From his Oscar-winning turn in Training Day to his acclaimed work behind the camera to his many, many beloved roles in films ranging from Glory to Remember the Titans to The Equalizer, Denzel Washington has left an indelible mark on Hollywood.
The celebrated actor was honored on Thursday night at the 47th AFI Life Achievement Award presented by Audi. Washington was joined by some of his most illustrious co-stars, including Morgan Freeman, Julia Roberts, Jodie Foster, and Cicely Tyson, to pay tribute to his body of work. The night was bursting with highlights from Mahershala Ali singing Washington’s praises as inspiration to a generation of black actors to Michael B. Jordan taking that a step further and pointing to Washington’s acting choices in Glory as inspiration for his role in Black Panther.
The AFI Life Achievement gala is always a star-studded evening, full of standout moments. But Thursday night was all about enshrining Washington as one of the “greatest of all time,” as labeled by stars like Julia Roberts and Chadwick Boseman. Washington himself chose to focus on the two things that matter most to him — God and his family — honoring them both extensively in his acceptance speech.
Here are the best moments from the 47th AFI Life Achievement Award Gala.
Julia Roberts reads a letter of recommendation
Roberts and Washington have a long-time friendship, dating back to their co-starring in 1993’s The Pelican Brief. She even presented Washington’s category at the Oscars in 2002 when he won Best Actor for Training Day. Thursday night gave America’s sweetheart the chance to honor her friend in a new way — by reading from a remarkable letter of recommendation Washington was given by his university acting teacher Robert Stone.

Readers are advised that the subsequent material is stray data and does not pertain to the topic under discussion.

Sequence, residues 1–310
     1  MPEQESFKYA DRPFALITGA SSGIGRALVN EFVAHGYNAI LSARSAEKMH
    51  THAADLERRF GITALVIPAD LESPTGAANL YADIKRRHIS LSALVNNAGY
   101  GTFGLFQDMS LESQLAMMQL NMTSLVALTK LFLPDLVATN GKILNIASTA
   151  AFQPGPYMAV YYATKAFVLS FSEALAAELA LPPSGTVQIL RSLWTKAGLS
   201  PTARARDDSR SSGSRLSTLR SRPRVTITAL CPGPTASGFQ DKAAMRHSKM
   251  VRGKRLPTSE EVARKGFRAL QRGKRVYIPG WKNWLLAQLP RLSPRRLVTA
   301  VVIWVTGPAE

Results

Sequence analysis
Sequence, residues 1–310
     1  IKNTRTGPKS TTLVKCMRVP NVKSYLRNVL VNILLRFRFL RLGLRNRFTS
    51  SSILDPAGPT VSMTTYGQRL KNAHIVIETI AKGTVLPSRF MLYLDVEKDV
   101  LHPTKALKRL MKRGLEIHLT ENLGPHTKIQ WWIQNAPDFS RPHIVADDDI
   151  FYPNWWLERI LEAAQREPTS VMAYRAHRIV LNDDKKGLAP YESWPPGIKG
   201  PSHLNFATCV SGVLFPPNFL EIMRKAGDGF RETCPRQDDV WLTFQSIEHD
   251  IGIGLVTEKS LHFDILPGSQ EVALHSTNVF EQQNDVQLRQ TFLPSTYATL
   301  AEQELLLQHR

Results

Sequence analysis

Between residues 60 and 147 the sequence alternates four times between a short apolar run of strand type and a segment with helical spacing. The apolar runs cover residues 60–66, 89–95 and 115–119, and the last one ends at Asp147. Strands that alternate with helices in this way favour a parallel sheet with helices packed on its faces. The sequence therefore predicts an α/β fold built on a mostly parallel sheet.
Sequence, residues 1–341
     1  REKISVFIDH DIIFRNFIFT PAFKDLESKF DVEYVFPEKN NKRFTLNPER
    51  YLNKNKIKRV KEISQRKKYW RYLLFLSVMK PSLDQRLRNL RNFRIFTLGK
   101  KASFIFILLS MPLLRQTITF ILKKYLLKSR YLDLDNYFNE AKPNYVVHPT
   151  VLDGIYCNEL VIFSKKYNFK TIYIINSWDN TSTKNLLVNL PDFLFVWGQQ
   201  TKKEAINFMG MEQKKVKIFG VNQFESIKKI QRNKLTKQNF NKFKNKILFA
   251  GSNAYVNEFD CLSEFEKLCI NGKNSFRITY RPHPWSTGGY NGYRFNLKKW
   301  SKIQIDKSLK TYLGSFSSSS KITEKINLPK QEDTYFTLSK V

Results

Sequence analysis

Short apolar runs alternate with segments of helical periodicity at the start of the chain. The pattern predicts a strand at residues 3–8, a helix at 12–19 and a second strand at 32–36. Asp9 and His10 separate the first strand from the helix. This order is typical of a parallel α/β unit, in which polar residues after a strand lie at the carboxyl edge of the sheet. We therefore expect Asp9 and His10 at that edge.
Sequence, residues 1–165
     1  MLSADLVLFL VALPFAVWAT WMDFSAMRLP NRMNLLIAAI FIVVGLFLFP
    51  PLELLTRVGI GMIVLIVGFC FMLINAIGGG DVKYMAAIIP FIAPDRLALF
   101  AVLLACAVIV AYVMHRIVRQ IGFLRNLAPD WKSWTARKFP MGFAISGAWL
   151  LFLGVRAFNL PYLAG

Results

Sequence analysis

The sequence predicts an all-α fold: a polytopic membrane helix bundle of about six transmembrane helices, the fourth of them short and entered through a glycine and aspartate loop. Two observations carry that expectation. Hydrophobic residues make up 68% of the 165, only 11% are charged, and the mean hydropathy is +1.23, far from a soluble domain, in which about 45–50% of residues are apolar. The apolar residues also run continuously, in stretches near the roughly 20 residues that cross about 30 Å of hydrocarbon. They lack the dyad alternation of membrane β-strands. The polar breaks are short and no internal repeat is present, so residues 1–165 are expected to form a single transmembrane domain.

“They are words so encouraging, so inspiring that Denzel folded it up and put it in his wallet and carries the original with him to this day. He’s probably sitting on it,” Roberts mused. “Here are just a few lines: ‘I say without hesitation that Mr. Washington is the finest young actor I have ever known. At age 22, he has the potential for being one of the outstanding actors of the latter part of the twentieth century. If there is such a thing as genius, than I assure you Mr. Washington is one. I honestly believe that even now he is the best actor I have ever known or seen and God only knows where this can take him.'”
Roberts went on to liken her time working with Washington on The Pelican Brief to working with The Beatles. She hit on one of the enduring themes of the evening, pointing to how impressed she was by Washington’s dedication to his wife Pauletta, and their four children. A dedication that she has taken up in her own life with her husband and children.
She closed by echoing Robert Stone’s words, and setting up one of the refrains of the ceremony, saying, “Mr. Stone certainly is right on when he said you are, and I quote, ‘a talent to rank among the greatest of our time.’ I would only add perhaps the greatest of any time.”
Jennifer Hudson brings down the house
It probably goes without saying that if you need to infuse the evening with an extra literal note of greatness, just bring out Jennifer Hudson (she certainly demonstrated this truth performing ‘Movin’ On Up’ a few weeks prior on Live in Front of a Studio Audience: Norman Lear’s All in the Family and The Jeffersons).
Hudson once again offered up one of the evening’s high notes, taking to the stage of the Dolby Theatre for a soulful performance of Sam Cooke’s “A Change is Gonna Come.” The musical interlude came on the heels of a package dedicated to Washington’s more explicitly political roles, most especially his Oscar-nominated portrayal of civil rights activist Malcolm X.